After having taken each individual, in turn, into his powerful hands and moulded them in his own way, the sovereign reduces each nation into nothing more than a herd of timid and hard working animals of which the government is the shepherd.First let me explain the pictures. There is a connection to the stated subject. Cattle -- in return for giving up their freedom -- get free medical care, free food, disputes resolved, and lots of security. They really have nothing to worry about. They are a contented lot.
-- Alexis de Tocqueville, De la Démocratie en Amérique (1840)
From the cow's point of view, their master seems exceptionally kind and benevolent. Not only are all the comforts provided, most of the cows would argue that they have plenty of freedom. Most of the time they are allowed to roam a rather large pasture at their will. Of course, the pasture does have a fence around it and there are those disturbing instances when they are locked up in pens for awhile, but even that is usually for their own good. Strangely, some cows don't like the fence and are constantly probing for its weaknesses. Such cows, when found out, find that there are severe consequences for such probing.
All in all it is a good life, not much to complain about really. Until one day, it suddenly becomes obvious why they have been so well cared for. But by then it is too late!
The deer, on the other hand, has to worry about all those things. The deer has no medical care, it has to find its own food and it has to provide for its own security. In fact, in return for her independence, about the only thing she gets, for sure, is . . . freedom! But the price is high. She has to find her own food, she has to provide for own security, she has to settle her own disputes, and she has to find her own shelter.
From the cows point of view, the deer is a fool to give up so much just for freedom. Who needs freedom anyway? What good is it?
It is not obvious. The benefits are subtle but they are significant. First, physically and mentally, the deer is superior to the cow. It has to be to survive. It doesn't rely on drugs and medical care for its health as the cow does. Surviving on its own has resulted in it being graceful, strong, fast, intelligent, and very alert. Second, it enjoys the variety and wonder of nature. Unlike the cow, it doesn't have to look at the same terrain every day. It is smart enough to know it can jump fences (Cows can too, they just don't know it. In a crisis, some discover they can). Third, the deer's life is exciting. The cow's life is dull, dull, dull. The deer would not trade places with the cow and if it were somehow provided with all the cow's benefits but with the fence, would try to escape.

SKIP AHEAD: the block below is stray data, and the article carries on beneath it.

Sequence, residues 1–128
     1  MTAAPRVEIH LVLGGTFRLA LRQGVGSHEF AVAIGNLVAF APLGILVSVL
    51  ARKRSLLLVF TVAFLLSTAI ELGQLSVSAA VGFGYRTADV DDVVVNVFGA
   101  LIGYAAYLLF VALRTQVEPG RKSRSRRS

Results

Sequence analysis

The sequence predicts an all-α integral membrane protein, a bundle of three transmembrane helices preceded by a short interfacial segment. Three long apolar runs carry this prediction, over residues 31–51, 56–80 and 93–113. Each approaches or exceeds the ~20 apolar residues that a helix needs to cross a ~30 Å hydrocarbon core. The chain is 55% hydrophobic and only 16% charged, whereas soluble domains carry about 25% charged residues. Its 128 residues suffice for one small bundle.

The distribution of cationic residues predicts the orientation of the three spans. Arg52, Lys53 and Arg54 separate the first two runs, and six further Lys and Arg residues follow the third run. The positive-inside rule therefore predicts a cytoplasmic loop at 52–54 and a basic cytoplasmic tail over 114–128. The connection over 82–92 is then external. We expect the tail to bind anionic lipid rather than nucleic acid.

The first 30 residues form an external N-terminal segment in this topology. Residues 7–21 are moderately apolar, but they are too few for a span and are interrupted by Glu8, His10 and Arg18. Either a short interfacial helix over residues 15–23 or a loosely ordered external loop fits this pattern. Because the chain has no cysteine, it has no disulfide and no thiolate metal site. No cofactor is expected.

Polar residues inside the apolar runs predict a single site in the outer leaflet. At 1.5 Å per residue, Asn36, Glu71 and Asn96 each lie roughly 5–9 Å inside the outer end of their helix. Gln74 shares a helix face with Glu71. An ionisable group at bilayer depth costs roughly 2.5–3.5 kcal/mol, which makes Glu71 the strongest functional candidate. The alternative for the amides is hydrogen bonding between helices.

One way to help you stomach what is happening today in politics is to see what has happened before. I have built an extensive historical page, "Leon's Political Almanac", in which I have listed for every day of the year, important political events that happened on that day. Check it out.
I did an analysis of the Republican Platform of 2000 and compared it to what they actually did during their possibly one chance at total control of the US goverment. The results are in "Watch your Step! A few planks are rotten in the Republican Platform".
[In work. . . I must wait until they get in power again!]
[Later . . .]
Copyright © 1996-2004, S. Leon Felkins